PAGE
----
There are two kinds of people in the world – Clumpers and Splitters. Clumpers are people who look at things – systems, processes, movies, or furniture – and see similarities. Splitters look at those same things and see the differences.
I don’t know how you become a Clumper or a Splitter – genetic predisposition or life experience - but in my experience everybody has a tendency to be more one than the other.
Why is this relevant? Well, when I look at implementing changes in an organization, it’s important to be a Clumper early on, and then act like a Splitter in the later stages.
When you are looking at business requirements, if you view each user location or set of stakeholders as having different unique businesses and requirements (i.e., splitting), you can become overwhelmed by the diversity of needs. If, however, you look for the commonalities (i.e., clumping), you can find the common denominators across the system users and implement a solution that meets the bulk of the needs across the organization.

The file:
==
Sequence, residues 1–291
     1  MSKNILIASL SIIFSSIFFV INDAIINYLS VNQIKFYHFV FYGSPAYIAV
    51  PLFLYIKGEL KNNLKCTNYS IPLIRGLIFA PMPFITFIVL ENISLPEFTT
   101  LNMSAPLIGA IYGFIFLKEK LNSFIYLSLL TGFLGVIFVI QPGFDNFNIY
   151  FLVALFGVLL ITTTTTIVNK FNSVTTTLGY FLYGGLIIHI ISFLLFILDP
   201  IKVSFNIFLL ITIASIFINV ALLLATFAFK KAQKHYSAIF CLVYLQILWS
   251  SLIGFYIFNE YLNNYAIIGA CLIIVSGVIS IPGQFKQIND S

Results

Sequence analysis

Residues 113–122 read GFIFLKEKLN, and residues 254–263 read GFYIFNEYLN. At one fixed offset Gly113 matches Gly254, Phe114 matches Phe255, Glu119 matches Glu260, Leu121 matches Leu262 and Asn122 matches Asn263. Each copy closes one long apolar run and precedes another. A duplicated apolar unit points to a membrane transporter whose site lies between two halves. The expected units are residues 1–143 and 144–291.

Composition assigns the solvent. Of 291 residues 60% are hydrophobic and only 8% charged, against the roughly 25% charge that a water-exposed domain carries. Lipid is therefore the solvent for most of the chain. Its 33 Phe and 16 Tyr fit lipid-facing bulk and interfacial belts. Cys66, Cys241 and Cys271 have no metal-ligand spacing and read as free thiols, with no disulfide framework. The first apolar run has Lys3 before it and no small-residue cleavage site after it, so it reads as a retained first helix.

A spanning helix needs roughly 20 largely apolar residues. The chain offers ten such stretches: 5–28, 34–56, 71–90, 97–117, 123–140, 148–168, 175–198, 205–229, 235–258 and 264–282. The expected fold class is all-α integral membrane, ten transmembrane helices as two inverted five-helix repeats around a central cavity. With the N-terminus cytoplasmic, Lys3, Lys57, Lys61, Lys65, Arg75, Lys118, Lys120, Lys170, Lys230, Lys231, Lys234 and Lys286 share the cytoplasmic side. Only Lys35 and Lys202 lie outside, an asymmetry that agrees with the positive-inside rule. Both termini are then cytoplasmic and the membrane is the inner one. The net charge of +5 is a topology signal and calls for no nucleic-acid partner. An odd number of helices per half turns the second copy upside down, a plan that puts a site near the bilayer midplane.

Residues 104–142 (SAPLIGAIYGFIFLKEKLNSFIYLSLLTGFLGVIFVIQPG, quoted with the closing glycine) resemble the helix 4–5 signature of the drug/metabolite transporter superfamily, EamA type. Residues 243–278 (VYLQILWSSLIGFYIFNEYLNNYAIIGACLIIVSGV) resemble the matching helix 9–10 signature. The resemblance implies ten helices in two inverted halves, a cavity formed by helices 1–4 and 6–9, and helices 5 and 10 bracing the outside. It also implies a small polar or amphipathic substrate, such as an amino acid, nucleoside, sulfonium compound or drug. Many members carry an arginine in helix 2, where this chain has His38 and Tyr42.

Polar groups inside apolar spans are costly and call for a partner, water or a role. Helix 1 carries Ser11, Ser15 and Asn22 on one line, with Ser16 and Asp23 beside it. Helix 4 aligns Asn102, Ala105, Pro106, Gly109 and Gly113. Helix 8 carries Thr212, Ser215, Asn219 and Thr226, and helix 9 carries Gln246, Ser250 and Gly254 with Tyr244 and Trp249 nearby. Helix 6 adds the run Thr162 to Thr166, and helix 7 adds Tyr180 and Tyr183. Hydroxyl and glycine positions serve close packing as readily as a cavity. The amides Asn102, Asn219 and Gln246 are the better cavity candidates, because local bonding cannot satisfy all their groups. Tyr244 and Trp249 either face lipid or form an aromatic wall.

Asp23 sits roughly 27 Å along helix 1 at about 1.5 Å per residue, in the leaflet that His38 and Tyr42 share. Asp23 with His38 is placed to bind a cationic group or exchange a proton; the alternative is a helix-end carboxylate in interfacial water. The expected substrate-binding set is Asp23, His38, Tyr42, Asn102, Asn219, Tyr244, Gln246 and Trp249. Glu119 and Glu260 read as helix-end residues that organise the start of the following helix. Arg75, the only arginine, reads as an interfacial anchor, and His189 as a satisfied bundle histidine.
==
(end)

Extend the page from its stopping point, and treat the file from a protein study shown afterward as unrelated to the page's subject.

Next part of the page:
Then, in subsequent phases, you can think like a Splitter and look at the differences required to handle different customer needs, or geographic regions, etc., and assess the value of those differences to your business and decide how to handle them – add enhancements to the system, change the business process or even decide to not address them at all. It becomes a business decision that ties to your overall business objectives (see Christy’s Rule #2 – tie your changes to business goals).